The city is expecting to launch a Request for Proposals (RFP) this March to redevelop the long-vacant Allen Street pedestrian mall (public bathroom), located at Delancey Street on the Lower East Side, into a food concession facility. The Low-Down reports the city’s Parks Department is hoping a restaurant operator will lead renovation on the single-story structure, although already $2 million has been raised for the project. Other considerations for the building include community facility space, a library, a visitor’s center, or a return to the facility’s original use of bathrooms. The Lower Manhattan Development Corp. is also invested in the project.
The proposed 500-foot-tall mixed-use building at 77 Greenwich Street (a.k.a. 42 Trinity Place) suffered a setback on Tuesday. The Landmarks Preservation Commission did not vote to approve its proposed cantilevered portions.
In the wake of Superstorm Sandy in 2012 and the realization of rising sea levels, YIMBY, in 2013 and 2014, wrote on “Seaport City,” which was the Bloomberg administration’s ambitious proposal to mitigate flood waters in Lower Manhattan. But the city’s Economic Development Corporation is moving forward with another, less expensive plan, once dubbed the Big U and later the Dryline. The latest news concerns transforming the current shoreline from Harrison Street, in TriBeCa, to Montgomery Street, on the Lower East Side. This section would measure roughly 3.5 miles, and last week the city selected AECOM, who leads ONE Architecture and Bjarke Ingles Group (BIG), and Dewberry to officially design and engineer it, Crain’s reports.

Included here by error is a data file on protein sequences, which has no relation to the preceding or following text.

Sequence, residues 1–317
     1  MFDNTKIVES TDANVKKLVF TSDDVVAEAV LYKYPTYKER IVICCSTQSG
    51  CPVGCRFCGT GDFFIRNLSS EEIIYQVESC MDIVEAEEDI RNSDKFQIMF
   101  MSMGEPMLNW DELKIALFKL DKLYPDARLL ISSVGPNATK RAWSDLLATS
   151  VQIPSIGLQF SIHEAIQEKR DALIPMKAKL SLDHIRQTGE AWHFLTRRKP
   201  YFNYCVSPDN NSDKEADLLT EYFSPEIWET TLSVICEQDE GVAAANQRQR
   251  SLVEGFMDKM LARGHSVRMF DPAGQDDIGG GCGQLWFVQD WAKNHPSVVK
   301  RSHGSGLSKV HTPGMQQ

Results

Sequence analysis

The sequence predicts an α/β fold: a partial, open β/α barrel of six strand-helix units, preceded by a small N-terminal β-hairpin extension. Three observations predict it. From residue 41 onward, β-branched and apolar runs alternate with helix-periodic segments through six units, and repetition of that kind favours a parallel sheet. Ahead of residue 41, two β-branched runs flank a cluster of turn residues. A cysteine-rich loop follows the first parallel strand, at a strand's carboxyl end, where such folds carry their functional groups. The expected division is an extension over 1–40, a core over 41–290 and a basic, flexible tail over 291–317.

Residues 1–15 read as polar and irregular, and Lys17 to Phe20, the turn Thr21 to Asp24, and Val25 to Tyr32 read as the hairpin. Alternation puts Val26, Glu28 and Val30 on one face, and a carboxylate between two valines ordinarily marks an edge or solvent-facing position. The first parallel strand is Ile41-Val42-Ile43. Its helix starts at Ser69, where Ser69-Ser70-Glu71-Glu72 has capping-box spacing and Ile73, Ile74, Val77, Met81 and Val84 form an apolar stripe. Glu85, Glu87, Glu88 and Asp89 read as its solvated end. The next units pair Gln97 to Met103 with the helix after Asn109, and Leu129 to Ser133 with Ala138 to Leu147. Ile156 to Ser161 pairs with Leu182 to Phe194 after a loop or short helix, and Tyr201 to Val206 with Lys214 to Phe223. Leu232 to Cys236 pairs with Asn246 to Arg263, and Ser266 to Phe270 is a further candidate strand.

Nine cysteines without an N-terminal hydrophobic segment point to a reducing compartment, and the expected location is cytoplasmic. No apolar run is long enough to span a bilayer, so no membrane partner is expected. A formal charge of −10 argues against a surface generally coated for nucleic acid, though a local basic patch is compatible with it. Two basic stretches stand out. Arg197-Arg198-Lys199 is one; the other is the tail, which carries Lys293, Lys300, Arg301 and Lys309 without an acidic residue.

In October, complete renderings were revealed of Extell Development’s 80-story, 815-unit condominium tower at 252 South Street, in the Two Bridges section of the Lower East Side. At the time, foundation work was the main focus, but now the core of the tower is beginning to rise and is above street level, Bowery Boogie reports. The project is dubbed One Manhattan Square and being designed by Adam Associates. It will include 90,000 square feet of amenity space in total and a separate 13-story, 205-unit affordable residential building. There will also be roughly 20,000 square feet of retail space. Completion is expected in 2019.
At the end of 2014, developer Edward Minskoff picked up a two-story parking garage at 11 Jane Street in the West Village for $26 million. Now he’s filed plans to erect a six-story condo building on the site between Greenwich and Eighth Avenues.